What is Periodontal Disease?

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As a Portland periodontist, one of the questions our team at Portland Periodontics hears most often from new patients is how do we differ from a family dentist?

A family dentist helps to protect the health of your teeth and gums by providing preventative services such as dental exams, cleanings, sealants and fluoride treatments. They also typically offer cosmetic dental treatments like teeth whitening that are designed to help improve the appearance of your smile, and restorative care that helps to repair a smile damaged by neglect or decay. At Portland Periodontics, however, we specialize in the treatment of periodontal disease in Portland, OR.

What is Periodontal Disease?

Periodontal disease, or more commonly known as gum disease, is a chronic infection of the gums and underlying bone structure that holds our teeth into position. During the early stages of the disease, referred to as gingivitis, periodontal disease causes gums to become inflamed, swollen, red and bleed easily, especially after brushing and flossing. If left untreated, gingivitis can progress into the more serious periodontitis, a severe form of gum disease that ranks as the leading cause of adult tooth loss in the U.S.

By now, most of us understand the risks associated with not brushing and flossing daily. Plaque, a sticky biofilm made up of harmful oral bacteria and food particles that linger in the mouth after eating breaks down the sugars in the foods and drinks we consume to produce harmful acids that slowly erode tooth enamel and cause gum inflammation. Unfortunately, understanding the risks that come with poor oral health doesn’t always translate into taking our oral hygiene seriously enough.

Over 47 percent of adults 30 and older in the U.S. suffer from some degree of periodontal disease, according to the Centers for Disease Control and Prevention. The risk of gum disease only increases as we get older, as over 70 percent of adults age 65 and older suffer from the disease.

If periodontal disease only impacts the health of our teeth and gums it would already be a serious cause for concern. But recent research into the disease suggests that periodontal disease could have far more of an impact on our health than many people realize.

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How Periodontal Disease Impacts Our Health

Over the last 10 years, a growing amount of research has found an association between periodontal disease and a number of serious, long-term health problems. Studies have found that individuals who suffer from tooth loss and periodontitis have a significantly higher risk of developing such chronic health issues as heart disease, stroke, arthritis, dementia, diabetes, obesity and cancer.

So what connects our oral health to our overall health? Well, researchers aren’t entirely sure. So far they have found an association between our oral health and overall health, but no clear cause and effect connection. This, however, has caused researchers to hypothesize on a potential connection.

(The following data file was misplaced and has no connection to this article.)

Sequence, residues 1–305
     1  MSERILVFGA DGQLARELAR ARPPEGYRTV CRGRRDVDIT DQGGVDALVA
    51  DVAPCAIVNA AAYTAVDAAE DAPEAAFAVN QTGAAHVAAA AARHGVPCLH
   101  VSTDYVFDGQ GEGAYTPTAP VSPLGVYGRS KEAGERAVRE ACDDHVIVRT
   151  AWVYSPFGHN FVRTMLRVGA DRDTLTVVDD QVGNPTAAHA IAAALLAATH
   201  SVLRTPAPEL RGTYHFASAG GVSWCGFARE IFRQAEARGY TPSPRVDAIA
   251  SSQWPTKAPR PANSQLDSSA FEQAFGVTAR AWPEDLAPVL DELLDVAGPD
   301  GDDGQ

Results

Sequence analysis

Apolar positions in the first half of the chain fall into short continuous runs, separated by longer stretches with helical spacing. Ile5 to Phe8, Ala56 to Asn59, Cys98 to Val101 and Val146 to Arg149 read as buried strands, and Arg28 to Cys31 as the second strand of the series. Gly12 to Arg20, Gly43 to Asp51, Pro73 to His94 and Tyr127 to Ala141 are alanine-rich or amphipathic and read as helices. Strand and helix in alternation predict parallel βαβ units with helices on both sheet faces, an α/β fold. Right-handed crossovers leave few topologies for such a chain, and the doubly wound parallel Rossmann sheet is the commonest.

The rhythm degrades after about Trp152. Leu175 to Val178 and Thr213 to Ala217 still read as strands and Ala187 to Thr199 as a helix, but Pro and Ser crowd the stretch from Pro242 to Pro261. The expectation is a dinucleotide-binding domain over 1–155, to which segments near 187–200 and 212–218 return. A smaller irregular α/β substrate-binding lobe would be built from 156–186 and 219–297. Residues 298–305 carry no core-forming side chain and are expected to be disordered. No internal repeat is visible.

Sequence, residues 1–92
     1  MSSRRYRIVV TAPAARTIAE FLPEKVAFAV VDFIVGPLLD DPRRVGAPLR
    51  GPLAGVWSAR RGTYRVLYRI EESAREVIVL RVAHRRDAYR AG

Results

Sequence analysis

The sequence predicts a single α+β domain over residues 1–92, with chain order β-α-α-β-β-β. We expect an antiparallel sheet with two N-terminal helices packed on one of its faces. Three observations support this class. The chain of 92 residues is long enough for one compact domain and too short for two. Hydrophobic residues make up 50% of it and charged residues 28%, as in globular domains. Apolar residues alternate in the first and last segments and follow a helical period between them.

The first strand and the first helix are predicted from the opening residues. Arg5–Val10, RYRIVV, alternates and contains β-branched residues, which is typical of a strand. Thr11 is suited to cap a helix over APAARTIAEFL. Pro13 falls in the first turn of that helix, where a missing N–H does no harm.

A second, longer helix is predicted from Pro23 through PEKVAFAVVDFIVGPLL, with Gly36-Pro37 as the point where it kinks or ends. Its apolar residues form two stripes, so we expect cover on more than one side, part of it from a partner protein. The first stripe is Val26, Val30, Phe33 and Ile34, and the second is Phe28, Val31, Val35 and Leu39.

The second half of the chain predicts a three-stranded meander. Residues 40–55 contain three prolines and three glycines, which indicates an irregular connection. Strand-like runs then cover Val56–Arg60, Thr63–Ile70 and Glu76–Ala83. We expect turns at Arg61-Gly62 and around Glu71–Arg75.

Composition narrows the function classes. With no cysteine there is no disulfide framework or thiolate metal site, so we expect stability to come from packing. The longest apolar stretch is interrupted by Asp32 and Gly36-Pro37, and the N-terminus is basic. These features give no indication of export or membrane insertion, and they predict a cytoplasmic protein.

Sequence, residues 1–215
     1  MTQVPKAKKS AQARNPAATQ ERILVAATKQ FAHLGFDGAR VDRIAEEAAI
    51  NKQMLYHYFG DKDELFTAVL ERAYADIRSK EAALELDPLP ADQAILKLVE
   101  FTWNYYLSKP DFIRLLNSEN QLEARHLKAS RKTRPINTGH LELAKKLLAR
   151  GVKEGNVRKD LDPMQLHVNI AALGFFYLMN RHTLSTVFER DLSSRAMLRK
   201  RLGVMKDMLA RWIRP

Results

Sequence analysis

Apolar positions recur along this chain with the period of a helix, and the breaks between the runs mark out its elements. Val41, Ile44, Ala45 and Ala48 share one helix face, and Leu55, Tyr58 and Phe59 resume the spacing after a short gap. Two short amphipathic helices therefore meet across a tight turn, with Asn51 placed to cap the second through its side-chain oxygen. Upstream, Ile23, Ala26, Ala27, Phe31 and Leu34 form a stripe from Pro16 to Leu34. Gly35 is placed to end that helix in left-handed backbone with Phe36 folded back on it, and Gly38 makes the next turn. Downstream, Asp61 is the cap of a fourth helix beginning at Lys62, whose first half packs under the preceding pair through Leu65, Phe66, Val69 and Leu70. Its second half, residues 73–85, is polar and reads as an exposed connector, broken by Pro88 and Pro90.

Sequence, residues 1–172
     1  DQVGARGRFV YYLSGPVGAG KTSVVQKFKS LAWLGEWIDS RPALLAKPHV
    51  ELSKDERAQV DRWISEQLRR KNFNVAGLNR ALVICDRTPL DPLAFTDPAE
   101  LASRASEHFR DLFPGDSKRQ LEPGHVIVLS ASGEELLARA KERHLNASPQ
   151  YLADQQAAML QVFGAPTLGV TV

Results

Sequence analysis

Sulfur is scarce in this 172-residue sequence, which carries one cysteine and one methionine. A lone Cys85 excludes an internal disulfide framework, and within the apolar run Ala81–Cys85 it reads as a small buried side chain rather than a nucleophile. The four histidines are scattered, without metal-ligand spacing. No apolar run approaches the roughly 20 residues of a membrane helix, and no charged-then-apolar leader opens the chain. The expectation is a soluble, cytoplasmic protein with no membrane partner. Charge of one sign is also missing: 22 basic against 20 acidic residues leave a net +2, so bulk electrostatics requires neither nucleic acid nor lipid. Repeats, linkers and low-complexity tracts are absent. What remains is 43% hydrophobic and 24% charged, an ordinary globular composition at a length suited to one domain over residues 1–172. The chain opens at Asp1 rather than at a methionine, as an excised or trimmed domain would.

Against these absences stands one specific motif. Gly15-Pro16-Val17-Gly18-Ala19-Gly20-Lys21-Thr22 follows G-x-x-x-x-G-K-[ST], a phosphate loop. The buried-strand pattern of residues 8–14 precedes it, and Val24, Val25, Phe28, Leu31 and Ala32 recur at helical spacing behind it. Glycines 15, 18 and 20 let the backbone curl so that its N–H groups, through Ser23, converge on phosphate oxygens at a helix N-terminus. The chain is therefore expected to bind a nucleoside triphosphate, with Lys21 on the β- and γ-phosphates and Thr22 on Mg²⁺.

One of the most prominent theories suggests that harmful oral bacteria enter the bloodstream through cuts in gum tissue caused by periodontal disease. Once in the bloodstream, these bacteria travel throughout the body causing inflammation – such as in the heart and joints – wherever they go. This inflammation then becomes the root cause of the systemic diseases mentioned above.

While further research is needed to develop a better understanding of this possible connection, it has become clear that treating and preventing periodontal disease is an important part of protecting our long-term health. That’s where Portland Periodontics can help.

How Your Portland Periodontist Can Help

At Portland Periodontics, we offer a comprehensive range of services designed to help treat periodontal disease no matter the stage or severity. From root scaling and planing to bone and gum grafts, our experienced Portland periodontist can help restore your smile back to health.

Of course, ideally, we’d never need to have patients visit our office in Portland for dental implants, root scaling or any of the other services we provide. However, if you do need to see a Portland periodontist, it’s important that you receive treatment sooner rather than later. Allowing gum disease to progress only makes it harder to reverse the effects of the disease and to restore your oral health. Getting timely care is easier when you understand the potential signs of the disease.

  • Chronic bad breath that just won’t go away
  • Swollen or red gum tissue
  • Tender gums that bleed after brushing or flossing
  • Pain while chewing
  • Loose teeth
  • Teeth that are sensitive to hot or cold
  • Gums that have pulled away from the base of your teeth
  • Any changes to your bite or the way your teeth fit together
  • Changes in the fit of partial dentures
  • Smoking
  • Diabetes
  • Practicing poor oral hygiene at home
  • Stress
  • Genetics
  • Crooked or crowded teeth
  • Defective fillings
  • Taking prescription medications that cause dry mouth
  • Ill-fitting dentures
  • Hormonal changes, such as during pregnancy

If you suffer from any of the warning signs or risk factors mentioned above, it’s important that you receive regular dental exams and cleanings to lower your risk of periodontal disease. Remember, prevention is always a better option than treatment. Help to lower your risk of periodontal disease so you can enjoy a lifetime of better oral and overall health.

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